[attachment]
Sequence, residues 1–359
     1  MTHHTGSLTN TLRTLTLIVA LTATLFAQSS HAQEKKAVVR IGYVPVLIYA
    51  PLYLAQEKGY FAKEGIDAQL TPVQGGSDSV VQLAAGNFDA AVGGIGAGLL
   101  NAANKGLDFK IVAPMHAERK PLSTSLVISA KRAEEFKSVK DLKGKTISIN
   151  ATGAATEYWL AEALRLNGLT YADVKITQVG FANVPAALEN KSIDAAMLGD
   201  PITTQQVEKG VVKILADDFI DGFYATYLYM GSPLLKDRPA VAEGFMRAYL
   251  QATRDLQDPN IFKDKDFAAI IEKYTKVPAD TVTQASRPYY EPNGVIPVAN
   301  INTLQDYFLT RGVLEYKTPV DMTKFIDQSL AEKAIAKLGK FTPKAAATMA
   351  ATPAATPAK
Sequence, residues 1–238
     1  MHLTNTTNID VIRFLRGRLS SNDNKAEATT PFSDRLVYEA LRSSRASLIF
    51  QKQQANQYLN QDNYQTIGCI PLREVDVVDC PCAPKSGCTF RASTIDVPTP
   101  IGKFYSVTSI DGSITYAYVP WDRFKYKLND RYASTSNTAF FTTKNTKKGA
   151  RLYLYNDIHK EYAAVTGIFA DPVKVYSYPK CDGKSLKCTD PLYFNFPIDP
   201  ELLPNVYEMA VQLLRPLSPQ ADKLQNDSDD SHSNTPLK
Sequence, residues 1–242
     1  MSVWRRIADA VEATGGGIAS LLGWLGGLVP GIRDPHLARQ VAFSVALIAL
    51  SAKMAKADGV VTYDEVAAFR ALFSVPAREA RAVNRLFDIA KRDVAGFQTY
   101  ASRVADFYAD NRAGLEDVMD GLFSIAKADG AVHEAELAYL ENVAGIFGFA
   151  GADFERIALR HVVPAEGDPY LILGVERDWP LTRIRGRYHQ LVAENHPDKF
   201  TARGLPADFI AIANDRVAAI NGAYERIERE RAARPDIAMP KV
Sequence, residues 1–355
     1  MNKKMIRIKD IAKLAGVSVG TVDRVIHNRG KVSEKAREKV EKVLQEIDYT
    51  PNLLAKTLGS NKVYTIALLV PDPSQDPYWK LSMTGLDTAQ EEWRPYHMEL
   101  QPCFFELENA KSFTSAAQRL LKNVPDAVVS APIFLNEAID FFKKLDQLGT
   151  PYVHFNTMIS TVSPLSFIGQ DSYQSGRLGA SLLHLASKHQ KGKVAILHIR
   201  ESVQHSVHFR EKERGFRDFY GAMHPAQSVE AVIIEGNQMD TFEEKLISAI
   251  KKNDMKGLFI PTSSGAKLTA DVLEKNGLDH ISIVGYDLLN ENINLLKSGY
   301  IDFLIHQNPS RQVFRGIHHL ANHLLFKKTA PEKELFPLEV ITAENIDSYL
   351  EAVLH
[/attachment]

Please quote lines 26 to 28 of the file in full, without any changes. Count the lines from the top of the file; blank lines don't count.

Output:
   151  PYVHFNTMIS TVSPLSFIGQ DSYQSGRLGA SLLHLASKHQ KGKVAILHIR
   201  ESVQHSVHFR EKERGFRDFY GAMHPAQSVE AVIIEGNQMD TFEEKLISAI
   251  KKNDMKGLFI PTSSGAKLTA DVLEKNGLDH ISIVGYDLLN ENINLLKSGY